Later this month the newest class of the Baseball Hall of Fame will be announced via the voting of the Baseball Writers’ Association of American (BBWAA). The ballot is packed with big names, and although I personally don’t have an official vote, I still wanted to get in on the fun. So, keeping in mind that each voter can choose up to 10 inductees, here is who I would cast my lot for if I had the opportunity.
Roger Clemens, Pitcher: The PED allegations are there but so is the murkiness over who did what and when in baseball over the past several decades. At the end of the day my vote is going to be what was done on the field and the big Texas right-hander did plenty with 354 career wins and a record seven Cy Young Awards.
Barry Bonds, Outfielder: I’m giving the mercurial slugger the same treatment as Clemens. A true five-tool talent, Bonds hit the most home runs (762) of any major leaguer in history and it is reasonable to surmise that he is a top-ten player of all time. The controversy and his reputation for being a difficult personality have not helped him but it is impossible to deny the way his talent impacted the game.
Manny Ramirez, Outfielder: Suspended multiple times for PEDs and a reputation for behavior that could only be described as “Manny being Manny” short changes this all-time great more than it should. Perhaps the best right-handed hitter of the past 50 years, he hit .312 with 555 home runs over his 19-year career. An indifferent fielder at best, his true calling card was his wonderful bat, which terrorized pitchers regularly without prejudice.
Tim Raines, Outfielder: About to fall off the ballot, this vastly underrated player deserves to get in. Spending the bulk of his career in a smaller baseball market (Montreal Expos), he was a terrific defensive player who stole 808 bases and walked more than he struck out in every one of his full seasons except one. The lead-off hitter reached base 3,977 times in his career, still good for 48th all time.
Jeff Bagwell, First Baseman: Unsubstantiated PED rumors and a 15-year career spent entirely with the Houston Astros (without a World Series win) have relegated the right-handed slugger to the bubble of ballots over the past few years. This is a travesty, as he was a true five-tool player and an all-time great. His counting stats (.297, 449 home runs and 2,314 base hits) don’t leap off the page compared to some others in Cooperstown but his career offensive WAR of 74 is 49th all time and his 1,788 runs created are 41st.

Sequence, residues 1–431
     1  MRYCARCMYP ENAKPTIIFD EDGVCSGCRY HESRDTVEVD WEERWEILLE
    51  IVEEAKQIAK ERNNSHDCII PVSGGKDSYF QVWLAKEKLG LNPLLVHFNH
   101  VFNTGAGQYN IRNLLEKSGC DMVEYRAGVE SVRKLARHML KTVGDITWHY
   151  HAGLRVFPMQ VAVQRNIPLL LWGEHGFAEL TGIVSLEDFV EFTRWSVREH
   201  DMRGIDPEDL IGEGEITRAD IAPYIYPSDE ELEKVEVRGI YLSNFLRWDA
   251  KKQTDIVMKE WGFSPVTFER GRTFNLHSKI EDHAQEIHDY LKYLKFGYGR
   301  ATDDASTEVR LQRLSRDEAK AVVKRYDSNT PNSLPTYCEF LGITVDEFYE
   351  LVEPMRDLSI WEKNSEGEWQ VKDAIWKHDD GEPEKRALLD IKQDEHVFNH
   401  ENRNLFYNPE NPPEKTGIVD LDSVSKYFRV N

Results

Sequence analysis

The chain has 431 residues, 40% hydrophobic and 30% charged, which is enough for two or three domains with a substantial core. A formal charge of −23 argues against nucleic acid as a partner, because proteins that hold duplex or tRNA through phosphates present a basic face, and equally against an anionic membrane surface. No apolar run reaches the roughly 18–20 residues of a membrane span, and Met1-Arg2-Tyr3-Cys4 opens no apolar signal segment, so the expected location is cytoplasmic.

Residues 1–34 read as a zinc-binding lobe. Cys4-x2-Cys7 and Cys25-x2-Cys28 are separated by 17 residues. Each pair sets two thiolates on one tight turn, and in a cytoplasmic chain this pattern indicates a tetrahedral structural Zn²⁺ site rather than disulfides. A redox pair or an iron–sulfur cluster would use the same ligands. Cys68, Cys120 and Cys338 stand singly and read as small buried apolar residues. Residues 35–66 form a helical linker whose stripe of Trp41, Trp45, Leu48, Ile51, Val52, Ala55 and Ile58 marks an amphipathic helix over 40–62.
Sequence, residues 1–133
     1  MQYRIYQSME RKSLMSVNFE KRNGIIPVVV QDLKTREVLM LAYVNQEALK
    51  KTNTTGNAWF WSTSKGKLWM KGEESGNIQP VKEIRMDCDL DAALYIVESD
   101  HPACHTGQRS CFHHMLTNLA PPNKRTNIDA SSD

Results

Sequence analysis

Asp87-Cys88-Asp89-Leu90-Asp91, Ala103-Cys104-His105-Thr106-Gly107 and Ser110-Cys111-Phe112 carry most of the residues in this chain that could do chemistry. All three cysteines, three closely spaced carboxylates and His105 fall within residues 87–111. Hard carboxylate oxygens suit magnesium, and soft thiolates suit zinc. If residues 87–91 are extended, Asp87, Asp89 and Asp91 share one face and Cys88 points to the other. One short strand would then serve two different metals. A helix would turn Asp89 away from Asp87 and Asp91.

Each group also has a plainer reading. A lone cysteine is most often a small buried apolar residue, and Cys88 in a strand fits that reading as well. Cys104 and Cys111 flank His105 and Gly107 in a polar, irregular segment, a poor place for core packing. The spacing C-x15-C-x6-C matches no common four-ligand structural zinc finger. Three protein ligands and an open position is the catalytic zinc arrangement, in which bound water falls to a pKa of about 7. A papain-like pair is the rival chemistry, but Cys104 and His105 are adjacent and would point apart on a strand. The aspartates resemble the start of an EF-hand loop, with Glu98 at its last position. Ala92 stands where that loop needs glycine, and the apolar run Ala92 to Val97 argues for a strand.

Vladimir Guerrero, Outfielder: If Ramirez is the best right-handed hitter of the past 50 years, Guerrero is probably a close second. He hit .318 with 449 home runs in a 16-year career, which ended at the relatively young age of 36 because his body had begun breaking down after years playing on artificial turf in Montreal with the Expos. A notorious bad ball hitter, he was also a surprisingly nimble fielder with a powerful arm. This is his first year on the ballot and as of one of the most memorable and distinctive players in recent memories, he is a shoo-in for me.
Ivan Rodriguez, Catcher: The best catcher of the past generation, he combined jaw-dropping defensive skills with an often-forgotten potent bat that produced a .296 batting average, 2,844 base hits and 311 home runs over a 21-year career. His arm was a marvel, as he led the league in throwing out runners (percentage) nine times and caught 46 percent for his career. He was known for snap throws to the corner bases and catching runners napping with throws from his knees.
Curt Schilling, Pitcher: I am diametrically opposed to many things that Schilling says and stands for but this vote is based on what he did on a baseball diamond, not what he has done off it. A gritty right-handed starter, he won 216 games in his career and was a shutdown force in the postseason, producing an 11-2 record and 2.23 ERA in such contests. His “bloody sock” start in the 2004 ALCS for the Boston Red Sox against the New York Yankees remains one of the most memorable moments in baseball history.
Jeff Kent, Second Baseman: A classic under-the-radar guy, he was a consistent producer during his 17-year career. Unfortunately, he spent his prime playing in the shadow of his larger-than-life teammate, Bonds. At the end of the day, the mustachioed right-hander hit a combined .290 with 377 home runs and 1,518 RBIs, which rank him in the upper echelon among his peers at his position. He was also a steady fielder who deserves more credit for what he did.
********************************You can check me out on Facebook or follow me on Twitter @historianandrew